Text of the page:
I know that before even reading anything, about half of your pointers are over the comment button and you’re ready to type out a message that could be distilled into “I think suits on dates are stupid.” I know you do. This post is an explanation of why some people think they aren’t, and indeed, consider them essential attire for the young man when he first shows up to take out a prospective.
There are three reasons to wear clothing. The first is utility. Clothing protects one from the elements, and specific clothing may be necessary to do specific work, such as overalls for a chemical plant operator or a big plastic suit for those who work with biohazards. For those with white collar jobs or who aspire to vocations in Talmudic study, a suit is such a work-mandated uniform. Therefore, a suit serves almost the same purpose as the antelope dinner did to Igga—it demonstrates what the wearer’s social demographic and/or income bracket looks like. Of course, anyone could just buy a suit for dating purposes. However, the parents of daughters are sure that young men will understand instinctively, even if they are not well-read, the advice of Henry David Thoreau, “Beware of all enterprises that require new clothes.” If you need to buy clothing to date, you’re probably looking in the wrong place.
The first blends with the second reason to wear clothing: affiliation. A kilt affiliates one with a Scottish highland clan, whereas baggy, beltless pants affiliates one with prison inmates. A suit, for the student of Talmudic Law, shows his affiliation with the community of Talmudic Lawyers. (You can usually differentiate these from the American Lawyers by the color of the accompanying tie.) Other communities may dress up by wearing pink shirts or tan chinos or any number of other ways. Showing up in a suit demonstrates that you affiliate with the suit-wearing crowd. If “dressed up” and “suit” do not coincide in your mind, then do not bother to court someone from the suited crowd. They will be peeved from the very first expansive sight of your shirtfront. If “dressed up” and “first date” do not coincide in your mind, then either skip to reason three, or skip this post entirely.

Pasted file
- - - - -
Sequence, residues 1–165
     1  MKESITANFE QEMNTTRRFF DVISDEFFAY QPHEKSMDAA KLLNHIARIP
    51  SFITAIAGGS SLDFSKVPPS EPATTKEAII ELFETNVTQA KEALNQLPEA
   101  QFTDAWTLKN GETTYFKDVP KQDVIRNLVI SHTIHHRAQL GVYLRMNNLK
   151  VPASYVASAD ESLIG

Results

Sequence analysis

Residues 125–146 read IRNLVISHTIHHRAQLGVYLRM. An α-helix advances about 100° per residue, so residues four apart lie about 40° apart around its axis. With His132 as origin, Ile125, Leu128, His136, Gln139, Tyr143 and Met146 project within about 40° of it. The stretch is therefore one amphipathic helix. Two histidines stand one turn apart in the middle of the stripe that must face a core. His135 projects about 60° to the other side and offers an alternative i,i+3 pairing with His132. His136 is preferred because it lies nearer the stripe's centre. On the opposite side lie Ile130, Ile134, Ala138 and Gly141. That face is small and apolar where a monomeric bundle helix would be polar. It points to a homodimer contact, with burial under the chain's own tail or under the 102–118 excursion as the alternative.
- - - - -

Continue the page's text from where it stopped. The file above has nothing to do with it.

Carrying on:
Reason three is oft-forgotten. I was reminded of it a few Shobbosim ago while admiring the beautiful yet practical layout of the Breuer’s shul in Washington Heights. “When I grow up, I want to be a yeki,” I decided impulsively. Then I noticed the things that were obstructing my view of the layout—namely, the men. Or what was on them. I noticed that, oddly enough, their suits fit. There were no vertical or horizontal wrinkles in the backs I was looking at. Jackets didn’t hang from shoulders as if from hangers. Pants broke neatly across well-polished shoes. It was a lone outpost of non-lawyers who could wear dress pants and concurrently look well-dressed. There was a sartorial symbiotic relationship going on down there—they dignified their clothing, and their clothing dignified them.
Which is the point. The point of wearing clothing, the point of wearing a suit, and the reason for both of the first two reasons for wearing clothing/suits. (Yes, that made sense. Just reread it if necessary.) By dressing in a dignified and handsome manner, you show respect for yourself, but even more so, to the people who have to look at you. Dressier clothing means the date is more important to you and that you ascribe more importance to your impression.
Or else that you heard you have to show up in a suit, so you did.